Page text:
Home Builders Stress Need to Prevent Taxation on Phantom Income
NAHB this week called on Congress to take measures to prevent taxation on “phantom income” in order to help small businesses to avoid major tax liabilities on income never received.
In written testimony submitted to the House Ways Means and Committee during a hearing on tax policies and accounting rules that harm small businesses, NAHB detailed how phantom income taxes are taking a toll on many builders across the nation. Phantom income is taxable income that does not generate cash flow. For example, if a bank writes off a $75,000 construction loan to a home building firm, the company would owe the IRS taxes on that $75,000 of debt forgiveness.
In the wake of the worst housing downturn since the Great Depression, many small businesses, including home builders, have had to work with lenders to mitigate troubled loans. Such actions typically involve changes to the loans that constitute cancellation of debt.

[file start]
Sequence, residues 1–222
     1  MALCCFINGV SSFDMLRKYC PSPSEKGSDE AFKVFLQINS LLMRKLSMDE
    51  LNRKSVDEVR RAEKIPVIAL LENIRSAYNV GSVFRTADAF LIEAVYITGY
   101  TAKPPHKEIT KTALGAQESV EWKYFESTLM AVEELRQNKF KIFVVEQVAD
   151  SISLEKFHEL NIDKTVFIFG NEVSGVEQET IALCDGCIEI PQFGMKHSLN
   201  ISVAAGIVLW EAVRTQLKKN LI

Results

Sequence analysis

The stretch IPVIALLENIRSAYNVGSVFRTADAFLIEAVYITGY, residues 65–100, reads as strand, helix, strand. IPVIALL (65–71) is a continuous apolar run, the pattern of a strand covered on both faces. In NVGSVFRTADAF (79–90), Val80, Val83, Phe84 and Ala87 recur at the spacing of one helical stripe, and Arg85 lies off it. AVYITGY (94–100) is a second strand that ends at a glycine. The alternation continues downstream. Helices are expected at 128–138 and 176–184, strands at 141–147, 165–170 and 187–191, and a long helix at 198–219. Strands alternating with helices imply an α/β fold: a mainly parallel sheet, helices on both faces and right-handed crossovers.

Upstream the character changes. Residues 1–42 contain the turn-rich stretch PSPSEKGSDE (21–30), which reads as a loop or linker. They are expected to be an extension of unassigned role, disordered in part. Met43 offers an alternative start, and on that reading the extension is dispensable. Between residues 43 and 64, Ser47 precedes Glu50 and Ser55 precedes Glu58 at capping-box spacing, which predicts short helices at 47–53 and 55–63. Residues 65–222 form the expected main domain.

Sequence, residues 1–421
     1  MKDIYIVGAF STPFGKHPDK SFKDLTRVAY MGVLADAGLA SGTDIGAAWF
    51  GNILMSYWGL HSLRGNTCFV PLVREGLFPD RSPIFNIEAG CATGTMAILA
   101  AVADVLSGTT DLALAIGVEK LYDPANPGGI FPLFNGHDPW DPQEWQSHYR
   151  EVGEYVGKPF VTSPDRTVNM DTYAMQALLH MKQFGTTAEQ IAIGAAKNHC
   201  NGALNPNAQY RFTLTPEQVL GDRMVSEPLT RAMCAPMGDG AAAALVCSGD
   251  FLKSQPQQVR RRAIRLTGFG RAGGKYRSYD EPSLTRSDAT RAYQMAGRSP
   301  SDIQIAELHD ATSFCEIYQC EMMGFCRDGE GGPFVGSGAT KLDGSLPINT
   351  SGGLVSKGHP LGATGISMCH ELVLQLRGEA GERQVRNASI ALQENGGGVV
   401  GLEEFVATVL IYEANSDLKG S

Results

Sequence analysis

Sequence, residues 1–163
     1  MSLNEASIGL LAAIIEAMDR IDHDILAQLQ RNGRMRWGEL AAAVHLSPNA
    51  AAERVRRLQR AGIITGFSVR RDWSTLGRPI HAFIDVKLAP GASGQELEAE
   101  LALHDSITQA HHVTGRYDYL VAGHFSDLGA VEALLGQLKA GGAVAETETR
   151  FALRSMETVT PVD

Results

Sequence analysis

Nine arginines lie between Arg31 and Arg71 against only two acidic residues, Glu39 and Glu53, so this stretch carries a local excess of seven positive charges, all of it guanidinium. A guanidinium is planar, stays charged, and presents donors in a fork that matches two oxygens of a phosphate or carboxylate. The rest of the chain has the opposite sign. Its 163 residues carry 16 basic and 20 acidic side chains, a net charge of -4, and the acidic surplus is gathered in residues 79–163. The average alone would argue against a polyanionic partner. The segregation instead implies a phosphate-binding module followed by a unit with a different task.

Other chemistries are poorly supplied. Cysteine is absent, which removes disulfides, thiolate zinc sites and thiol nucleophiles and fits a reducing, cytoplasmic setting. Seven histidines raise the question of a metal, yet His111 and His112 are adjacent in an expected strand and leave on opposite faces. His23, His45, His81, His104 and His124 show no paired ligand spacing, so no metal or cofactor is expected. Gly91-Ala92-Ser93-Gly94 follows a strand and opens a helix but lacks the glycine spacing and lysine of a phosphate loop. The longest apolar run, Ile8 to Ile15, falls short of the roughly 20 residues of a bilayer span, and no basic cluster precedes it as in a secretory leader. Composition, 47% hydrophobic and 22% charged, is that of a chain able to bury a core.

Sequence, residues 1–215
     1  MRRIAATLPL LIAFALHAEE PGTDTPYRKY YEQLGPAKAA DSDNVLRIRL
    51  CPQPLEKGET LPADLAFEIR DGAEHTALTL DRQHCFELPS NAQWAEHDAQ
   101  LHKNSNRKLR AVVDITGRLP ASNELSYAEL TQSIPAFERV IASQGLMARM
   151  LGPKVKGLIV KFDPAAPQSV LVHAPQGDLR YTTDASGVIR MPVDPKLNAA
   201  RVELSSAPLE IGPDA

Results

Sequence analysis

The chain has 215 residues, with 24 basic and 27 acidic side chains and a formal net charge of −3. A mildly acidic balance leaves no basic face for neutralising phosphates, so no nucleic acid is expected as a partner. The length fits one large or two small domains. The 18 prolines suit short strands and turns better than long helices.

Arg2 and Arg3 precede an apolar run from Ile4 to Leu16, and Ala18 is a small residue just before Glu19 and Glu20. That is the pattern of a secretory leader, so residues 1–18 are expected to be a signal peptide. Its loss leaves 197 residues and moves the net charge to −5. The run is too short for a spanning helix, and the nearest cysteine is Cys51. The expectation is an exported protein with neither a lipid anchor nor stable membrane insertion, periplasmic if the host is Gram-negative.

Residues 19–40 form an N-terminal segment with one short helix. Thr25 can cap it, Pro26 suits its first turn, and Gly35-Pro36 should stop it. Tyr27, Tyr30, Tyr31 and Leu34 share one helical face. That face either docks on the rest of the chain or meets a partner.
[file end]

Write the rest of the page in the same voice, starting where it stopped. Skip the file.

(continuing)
Unfortunately, the only option for some companies to erase a crippling tax liability arising from old debt workouts is to declare bankruptcy or become insolvent. Unlike large companies that go through this process and emerge with new lines of credit, bankruptcy for small family-owned firms can mean the end of generations-old family enterprises.
To help small businesses to continue their traditional role as an engine of job growth, NAHB is calling on Congress to provide a tax exclusion for business debt forgiveness and allow this exclusion to continue until the business economic climate substantially improves.
“Such a tax policy change would enable small, family-owned firms to avoid bankruptcy and contribute to the economic recovery as individual local markets improve,” the NAHB statement said.
NAHB Chairman Barry Rutenberg delivered a similar message in a recent letter to the editor submitted to USA Today.